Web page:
(05.25.21 – Problems -Isaiah 60:1-13)
My friend, may I ask you a question? Sometimes do life's problems push us into a sort of unrealistic mindset of irrational coping, and we assume a false sense of security that may mask the problem?
My friend, Life’s a story, welcome to This Passing Day.
I'm M. Clifford Brunner.
Sometimes when the going gets tough even the tough are stymied. And, sometimes there's no alternative to just simply giving up. Big problems normally require big action. The problem with trying to grab hold of some big problems with your bare hands is often they're too powerful to push back and too large to put yours arms around. It's at times like this that we need to be sure that we're allowing ourselves to see the problem for what it really is and not what we think it is. Time for a reality check!
Here's a story: A golfer who had been playing badly went to a psychiatrist who told him to relax by playing a round of golf without a ball. The golfer tried it the next day. First he imagined he got a 260-yard drive, made a fine approach shot to the green, then–putted for a par. As he approached the 18th hole, he met another golfer playing the same way. They decided to play the last hole together. The first golfer swung at his imaginary ball and announced that it had gone 280 yards right down the middle of the fairway. The second golfer matched his drive. The first fellow then took out his 5-iron and after swinging at his imaginary ball, he exclaimed, "Look at that shot! It went right over the pin and the reverse spin on it brought it right back into the hole! I win." "No you don't," said the second golfer pointing at the fairway. "You didn't hit your ball at all; you hit mine." (Bits and Pieces, February, 1990, p. 16.)
Sometimes life's problems push us into a sort of unrealistic mindset of irrational coping. We assume a false sense of security that may mask the problem temporarily but invariably leads us into deeper trouble down the road. We imagine ourselves into a position of control that is nothing more than an illusion. After time we may even find ourselves believing that what is unreal is real.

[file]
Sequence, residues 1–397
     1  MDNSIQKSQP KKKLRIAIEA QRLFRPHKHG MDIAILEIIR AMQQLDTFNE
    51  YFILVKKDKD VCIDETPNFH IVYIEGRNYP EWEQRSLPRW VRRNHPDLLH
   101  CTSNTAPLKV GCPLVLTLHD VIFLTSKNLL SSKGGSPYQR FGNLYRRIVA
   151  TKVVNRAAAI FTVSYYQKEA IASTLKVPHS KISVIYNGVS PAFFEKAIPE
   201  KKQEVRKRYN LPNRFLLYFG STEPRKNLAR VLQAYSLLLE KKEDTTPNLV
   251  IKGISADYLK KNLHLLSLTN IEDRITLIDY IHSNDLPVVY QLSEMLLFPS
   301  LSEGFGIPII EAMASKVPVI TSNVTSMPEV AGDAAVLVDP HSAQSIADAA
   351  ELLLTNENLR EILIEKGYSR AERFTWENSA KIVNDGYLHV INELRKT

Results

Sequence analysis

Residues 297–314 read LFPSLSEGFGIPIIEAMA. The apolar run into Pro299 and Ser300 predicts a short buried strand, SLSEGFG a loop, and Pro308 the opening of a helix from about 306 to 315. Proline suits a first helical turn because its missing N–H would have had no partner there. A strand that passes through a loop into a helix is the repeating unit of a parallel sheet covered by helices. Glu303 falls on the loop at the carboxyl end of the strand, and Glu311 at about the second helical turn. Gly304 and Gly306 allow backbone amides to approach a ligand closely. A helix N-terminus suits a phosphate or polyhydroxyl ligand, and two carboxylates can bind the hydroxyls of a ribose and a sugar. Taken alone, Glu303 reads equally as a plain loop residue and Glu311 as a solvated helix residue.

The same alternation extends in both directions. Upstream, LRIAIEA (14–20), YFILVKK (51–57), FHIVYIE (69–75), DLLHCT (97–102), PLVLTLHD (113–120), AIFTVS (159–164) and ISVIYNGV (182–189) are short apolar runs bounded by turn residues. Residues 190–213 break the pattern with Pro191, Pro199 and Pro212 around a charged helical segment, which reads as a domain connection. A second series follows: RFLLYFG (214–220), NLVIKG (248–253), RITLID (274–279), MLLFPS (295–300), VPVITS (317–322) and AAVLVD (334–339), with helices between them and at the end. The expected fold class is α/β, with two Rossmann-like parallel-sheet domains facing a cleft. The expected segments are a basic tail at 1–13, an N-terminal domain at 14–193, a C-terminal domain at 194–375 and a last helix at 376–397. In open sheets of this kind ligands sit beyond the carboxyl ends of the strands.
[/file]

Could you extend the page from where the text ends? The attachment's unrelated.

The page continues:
It's never good to put our hope in the illusion of self-help; rather, it's best to place our hope in the reality of God's ability to make things happen. The fact of the matter is this: ultimately we're not in control; He is. Because His plans are often beyond our ability to understand, reality is often more than what we're able to envision on our own. That's when we need to stop and take a "reality check." When our reality checks focus on waiting on God, finding out what He has to say about our problems and what solutions He might bring to bear on them, only then are we able to bring our own efforts to bear upon life's problems. Finding reality outside of God's will is like golfing without a ball. It's easy to cope but far more difficult to win. You never know whose ball you might be hitting.
We pray. Heavenly Father, Your plans are often beyond our ability to understand, reality is often more than what we're able to envision on our own. That's when we need to stop and take a "reality check." When our reality checks focus on waiting on You, finding out what You have to say about our problems and what solutions You might bring to bear on them, only then are we able to bring our own efforts to bear upon life’s problems. Forgive us when we try to find reality outside of Your will, trying to cope but unable to win. When life’s problems push us into an unrealistic mindset of irrational coping, comfort us with Your loving Spirit. In Jesus name we pray. Amen!
Therefore my friend, do not worry about tomorrow, for tomorrow will worry for itself; each day has enough trouble of its own. (Matt 6:34) This Passing Day. May this passing day honor our Lord and Savior Jesus Christ and be a blessing to you and everyone you meet. Find a stranger and say hello. Don't let another day pass without your day blessing someone else.
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<email@example.com> From Beech Springs, God bless you for Jesus sake.